What would funding full-day kindergarten mean for Colorado?

Written by: Bill Jaeger
Date Posted: December 7, 2018

There was a great deal of discussion during the election cycle, and a growing amount in the lead-up to the 2019 legislative session, about the potential to increase support for full-day kindergarten and preschool in Colorado. In a future KidsFlash, we will look at the substantial unmet need and potential return on investment of preschool, but focus our attention on funding full-day kindergarten (and how doing so frees up additional resources to eliminate the wait list for Colorado’s highly successful state PreK program (CPP)) in this week’s edition.

How’d we get here?

An abundance of research demonstrates that access to a full day of kindergarten is an effective approach to supporting the school readiness of young children. Parents and school districts also recognize this: despite the fact that the state only funds a little more than half a day of kindergarten for all kids, nearly all Colorado children attend kindergarten and 78 percent of all enrolled kindergarteners are in a full-day program this year. This is up from just 14 percent in 2001 and just 40 percent in 2007.  Currently, 140 of Colorado’s 178 school districts have all kindergarteners enrolled in a full-day program. All but 30 school districts have 95 percent or more of their kindergarteners in a full-day kindergarten program. All but five school districts offer a full-day program. In short, demand has increased dramatically for full-day kindergarten during the past 17 years and continues to increase, but without adequate funding support from the General Assembly.

How are so many kids in full-day kindergarten without state funding?

Despite the growth in demand, there are nearly 14,000 kindergarteners not enrolled in a full-day program. Another significant portion of full-day kindergarteners who only have access because their parents can afford the tuition, because their local communities can afford a mill levy to cover the costs, or because the district is cutting funds from somewhere else to offer access. This means full-day kindergarten often comes at the sacrifice of other opportunities for children.

How does our current system affect educational equity?

Schools and districts are working hard to respond to increased parent demand and recognize that a full-day experience helps lay the foundation for years to come. The shortfall in state support for a full day of kindergarten means, however, districts must cut resources from general operating revenue and/or charge parents tuition to respond to this demand.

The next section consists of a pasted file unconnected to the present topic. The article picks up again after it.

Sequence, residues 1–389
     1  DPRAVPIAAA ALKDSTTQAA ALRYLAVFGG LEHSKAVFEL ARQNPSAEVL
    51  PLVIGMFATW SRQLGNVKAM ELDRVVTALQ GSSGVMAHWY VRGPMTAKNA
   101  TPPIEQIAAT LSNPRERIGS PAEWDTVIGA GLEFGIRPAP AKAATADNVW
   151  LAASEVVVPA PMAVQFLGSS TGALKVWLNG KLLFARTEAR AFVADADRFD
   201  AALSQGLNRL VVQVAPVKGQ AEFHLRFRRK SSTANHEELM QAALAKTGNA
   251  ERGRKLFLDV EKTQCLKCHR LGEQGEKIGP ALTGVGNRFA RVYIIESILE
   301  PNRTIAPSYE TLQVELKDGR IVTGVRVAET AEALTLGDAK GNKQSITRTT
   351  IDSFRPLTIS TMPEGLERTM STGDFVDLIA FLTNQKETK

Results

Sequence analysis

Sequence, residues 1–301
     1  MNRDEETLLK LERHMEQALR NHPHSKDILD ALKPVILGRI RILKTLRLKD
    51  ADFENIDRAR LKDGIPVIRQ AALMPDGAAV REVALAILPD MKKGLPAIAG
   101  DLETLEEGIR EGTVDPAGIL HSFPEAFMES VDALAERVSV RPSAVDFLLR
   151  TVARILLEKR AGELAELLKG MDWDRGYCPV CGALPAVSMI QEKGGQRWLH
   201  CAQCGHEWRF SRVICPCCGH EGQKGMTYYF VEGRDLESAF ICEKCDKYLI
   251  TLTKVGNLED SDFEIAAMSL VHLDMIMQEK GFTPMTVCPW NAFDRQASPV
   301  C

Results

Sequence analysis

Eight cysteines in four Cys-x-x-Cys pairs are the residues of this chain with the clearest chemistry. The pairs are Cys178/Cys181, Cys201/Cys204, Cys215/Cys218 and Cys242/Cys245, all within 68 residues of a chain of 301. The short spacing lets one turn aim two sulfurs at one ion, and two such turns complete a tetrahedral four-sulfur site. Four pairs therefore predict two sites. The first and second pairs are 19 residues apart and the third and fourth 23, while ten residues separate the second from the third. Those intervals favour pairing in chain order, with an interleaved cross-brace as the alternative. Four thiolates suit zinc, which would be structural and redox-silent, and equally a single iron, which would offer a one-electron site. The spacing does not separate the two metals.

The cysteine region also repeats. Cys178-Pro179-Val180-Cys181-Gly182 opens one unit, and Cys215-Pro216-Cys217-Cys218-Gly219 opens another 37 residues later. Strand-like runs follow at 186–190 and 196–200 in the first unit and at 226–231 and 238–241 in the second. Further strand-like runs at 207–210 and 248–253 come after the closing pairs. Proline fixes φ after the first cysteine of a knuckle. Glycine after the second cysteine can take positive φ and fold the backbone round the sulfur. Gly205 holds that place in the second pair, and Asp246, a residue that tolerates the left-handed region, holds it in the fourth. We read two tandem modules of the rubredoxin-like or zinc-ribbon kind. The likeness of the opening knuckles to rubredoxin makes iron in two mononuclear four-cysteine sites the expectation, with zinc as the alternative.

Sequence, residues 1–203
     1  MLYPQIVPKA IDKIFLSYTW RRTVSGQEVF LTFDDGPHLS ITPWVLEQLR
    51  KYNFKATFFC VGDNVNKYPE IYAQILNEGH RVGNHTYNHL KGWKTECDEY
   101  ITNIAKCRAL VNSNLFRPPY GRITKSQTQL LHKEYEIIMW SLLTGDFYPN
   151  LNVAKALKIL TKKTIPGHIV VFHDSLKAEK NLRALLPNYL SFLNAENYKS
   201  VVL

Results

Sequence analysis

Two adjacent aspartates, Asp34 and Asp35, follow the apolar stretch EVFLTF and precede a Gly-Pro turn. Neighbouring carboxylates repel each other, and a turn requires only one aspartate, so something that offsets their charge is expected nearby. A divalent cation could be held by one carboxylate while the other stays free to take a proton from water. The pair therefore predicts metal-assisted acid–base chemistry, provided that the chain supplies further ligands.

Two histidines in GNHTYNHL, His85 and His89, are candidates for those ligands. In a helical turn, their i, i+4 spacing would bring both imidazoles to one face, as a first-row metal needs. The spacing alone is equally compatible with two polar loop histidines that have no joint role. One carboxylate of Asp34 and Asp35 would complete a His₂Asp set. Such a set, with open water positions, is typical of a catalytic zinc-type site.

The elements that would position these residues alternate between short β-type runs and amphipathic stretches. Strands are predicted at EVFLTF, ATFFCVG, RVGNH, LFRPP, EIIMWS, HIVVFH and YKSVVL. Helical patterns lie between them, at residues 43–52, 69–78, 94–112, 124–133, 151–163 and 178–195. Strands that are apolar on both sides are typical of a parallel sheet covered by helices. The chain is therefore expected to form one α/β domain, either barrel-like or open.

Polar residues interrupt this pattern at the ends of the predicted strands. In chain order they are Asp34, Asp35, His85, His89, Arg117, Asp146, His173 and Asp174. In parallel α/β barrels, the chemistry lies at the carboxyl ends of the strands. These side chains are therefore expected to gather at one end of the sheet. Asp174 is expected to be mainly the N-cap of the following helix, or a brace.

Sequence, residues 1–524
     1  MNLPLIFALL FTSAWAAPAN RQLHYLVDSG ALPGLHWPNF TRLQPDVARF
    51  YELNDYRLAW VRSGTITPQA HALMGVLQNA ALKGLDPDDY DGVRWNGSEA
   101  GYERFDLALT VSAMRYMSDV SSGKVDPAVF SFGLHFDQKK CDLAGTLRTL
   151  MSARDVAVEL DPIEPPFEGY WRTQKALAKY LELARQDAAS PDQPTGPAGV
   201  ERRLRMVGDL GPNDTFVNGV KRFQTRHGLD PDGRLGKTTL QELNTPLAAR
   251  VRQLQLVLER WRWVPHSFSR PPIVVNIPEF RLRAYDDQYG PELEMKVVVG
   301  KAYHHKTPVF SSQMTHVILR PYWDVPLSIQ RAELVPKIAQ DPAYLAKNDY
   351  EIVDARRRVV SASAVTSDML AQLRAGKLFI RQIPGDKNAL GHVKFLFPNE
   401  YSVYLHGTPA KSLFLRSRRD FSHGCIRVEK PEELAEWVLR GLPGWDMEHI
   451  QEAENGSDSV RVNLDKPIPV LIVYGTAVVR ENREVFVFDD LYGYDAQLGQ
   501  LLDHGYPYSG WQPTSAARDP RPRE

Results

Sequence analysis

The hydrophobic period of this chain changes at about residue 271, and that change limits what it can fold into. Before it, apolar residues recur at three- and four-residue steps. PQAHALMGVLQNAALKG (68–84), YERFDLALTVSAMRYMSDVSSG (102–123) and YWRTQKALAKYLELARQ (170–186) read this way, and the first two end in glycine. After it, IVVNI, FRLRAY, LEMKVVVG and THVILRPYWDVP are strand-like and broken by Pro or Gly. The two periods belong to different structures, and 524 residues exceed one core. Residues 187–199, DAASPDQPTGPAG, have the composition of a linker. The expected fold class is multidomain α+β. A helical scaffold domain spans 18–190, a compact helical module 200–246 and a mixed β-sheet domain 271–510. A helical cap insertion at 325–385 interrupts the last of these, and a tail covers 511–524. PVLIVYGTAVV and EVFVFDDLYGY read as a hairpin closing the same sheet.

Given that school districts do not commonly charge tuition to children eligible for free and reduced-price lunch, this has meant that districts with large concentrations of low-income children bear a disproportionate share of cuts from other priorities to offer full-day kindergarten (rather than relying on parent fees). By implementing full funding based on a child’s actual enrollment, those districts that have had to cut back on teacher salaries, raise classroom sizes, reduce counseling and eliminate other support services to offer full-day kindergarten will be able to invest in significant unmet need in these and other areas.

Why do we need to offer full-day kindergarten?

The failure of the state to invest in early education is puzzling given the strong and growing evidence base for how valuable a full-day kindergarten experience is for children. For example, recent evidence from random assignment to full- versus half-day kindergarten shows strong results in terms of early literacy. All students benefit from these early experiences, but Hispanic students, in particular, benefit in some of the strongest ways. This is also true of students who enter kindergarten with low literacy skills: they experience particularly large gains. As a result, there is a substantial return on this investment.